My Mom used to always say this to me growing up. I don’t think of myself as a hateful person. Even through the many hurts and pains I have suffered, I can honestly say I do not hate anyone. However, I do hate something — and that is injustice. And it is injustice on every spectrum and on any scale. No matter how small or big. I am indiscriminate of my hate for injustice. And my hate for it is nothing new. It has always been with me even as a child.
When I was a child, one of my favorite past-times was going to my great-Uncle’s antique store. Being able to rummage through old black-and-white films and photos, eclectic jewelry, and vinyl records (I mean, I found Roy Ayer’s “Everybody Loves the Sunshine” album there! ), I felt I was able to transcend time into another space that only my great-grandparents, grandparents, and my parents knew about.
This past summer, hundreds of white supremacists and neo-Nazis mobilized in Charlottesville, Virginia to prove a point — that they were always here and were here to stay. With anti-Semites, fascists, and racists gathering at the “Unite the Right” rally on the University of Virginia’s campus and racial tensions flaring between white supremacists and counter-protesters, many reactions to the racist violence at Charlottesville were of disgust and sadness.
Muck Rack makes it simple to find people, tweets, or articles that mention any name, keyword, company, hashtag etc. We've compiled this guide to help you make the most of your search.
Selecting a term
Start searching tweets, articles from media outlets, articles mentioned in tweets, journalists'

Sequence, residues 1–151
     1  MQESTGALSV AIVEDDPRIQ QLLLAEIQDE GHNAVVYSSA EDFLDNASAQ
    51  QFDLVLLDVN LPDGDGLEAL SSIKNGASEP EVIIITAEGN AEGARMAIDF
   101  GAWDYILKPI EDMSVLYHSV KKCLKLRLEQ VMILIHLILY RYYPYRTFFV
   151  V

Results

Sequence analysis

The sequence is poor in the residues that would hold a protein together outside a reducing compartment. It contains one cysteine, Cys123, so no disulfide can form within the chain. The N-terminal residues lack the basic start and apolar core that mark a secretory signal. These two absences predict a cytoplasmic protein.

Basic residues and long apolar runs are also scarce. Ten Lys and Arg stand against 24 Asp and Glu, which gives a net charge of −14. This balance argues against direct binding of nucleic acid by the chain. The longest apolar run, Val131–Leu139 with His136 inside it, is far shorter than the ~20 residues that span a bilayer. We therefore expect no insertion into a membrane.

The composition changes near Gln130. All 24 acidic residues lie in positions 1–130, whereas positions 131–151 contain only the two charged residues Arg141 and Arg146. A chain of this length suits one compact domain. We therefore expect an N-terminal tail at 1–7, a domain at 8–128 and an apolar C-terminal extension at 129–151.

names, titles and bios with some suggested searches:
Companies or Topics (e.g. iPhone, Microsoft)
Phrases (e.g. "cloud computing") — use quotes to keep the terms together
Twitter handles (e.g. @username) — returns those who have mentioned or replied to
Names (e.g. "David Pogue")
Hashtags (e.g. #sxsw, #london2012)
Bio details (e.g. vegan, Olympics, father)
Muck Rack's Advanced Search allows for many boolean operators.
Find results that mention multiple specified terms, use AND or
+. For example, ensure each result contains both Elon Musk and Mark Zuckerberg by
searching Musk AND Zuckerberg or Musk + Zuckerberg.
Use the operators OR or , to broaden your search when you'd like either of
multiple terms to appear in results. (This is the default behavior of our search when no operators
are used). For example, results will contain either cake or cookie by searching cake OR cookie or cake,cookie
Use NOT or - to subtract results from your search. For
example, searching Disney will yield results about the Walt Disney Company as well as Walt Disney
World Resort. To exclude mentions of Disney World, search for Disney -World or Disney
When using one of these operators with a phrase, enclose it in quotation marks. For example, you can
find results about smartphones excluding Apple's iPhone 4S by searching smartphone -"iPhone
Exact case matching or punctuation
If you're searching for a brand name or keyword that relies on specific punctuation marks or capitalization, you can
find results that match your exact query by adding matchcase: before the keyword you're searching for, like matchcase:E*TRADE .
Use parentheses to separate multiple
boolean phrases. For example, to find journalists talking about having fun in Disney World or
Disneyland, search for ("disney world" OR disneyland) AND fun.
An asterisk can be used to search for any variation of a root word truncated by the asterisk. For example, searching for admin* will return results for administrator, administration, administer, administered, etc.
A near operator is an AND operator where you can control the distance between the words. You can vary the distance the near operation uses by adding a forward slash and number (between 0-99) such as strawberries NEAR/10 "whipped cream", which means the strawberries must exist within 10 words of "whipped cream".